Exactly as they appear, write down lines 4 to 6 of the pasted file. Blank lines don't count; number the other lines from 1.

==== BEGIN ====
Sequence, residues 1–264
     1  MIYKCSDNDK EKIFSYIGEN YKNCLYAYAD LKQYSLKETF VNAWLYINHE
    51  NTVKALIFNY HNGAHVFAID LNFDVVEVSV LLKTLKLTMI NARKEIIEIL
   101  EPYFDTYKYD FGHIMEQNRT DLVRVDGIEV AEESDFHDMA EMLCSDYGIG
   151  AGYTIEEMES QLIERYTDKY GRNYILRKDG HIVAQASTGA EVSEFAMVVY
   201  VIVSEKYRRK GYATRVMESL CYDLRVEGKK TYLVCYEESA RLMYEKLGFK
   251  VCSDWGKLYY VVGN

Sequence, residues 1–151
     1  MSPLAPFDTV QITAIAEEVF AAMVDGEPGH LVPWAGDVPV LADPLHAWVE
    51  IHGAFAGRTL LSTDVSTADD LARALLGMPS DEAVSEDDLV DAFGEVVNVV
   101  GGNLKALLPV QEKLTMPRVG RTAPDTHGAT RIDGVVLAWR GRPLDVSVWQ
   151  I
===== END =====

   101  EPYFDTYKYD FGHIMEQNRT DLVRVDGIEV AEESDFHDMA EMLCSDYGIG
   151  AGYTIEEMES QLIERYTDKY GRNYILRKDG HIVAQASTGA EVSEFAMVVY
   201  VIVSEKYRRK GYATRVMESL CYDLRVEGKK TYLVCYEESA RLMYEKLGFK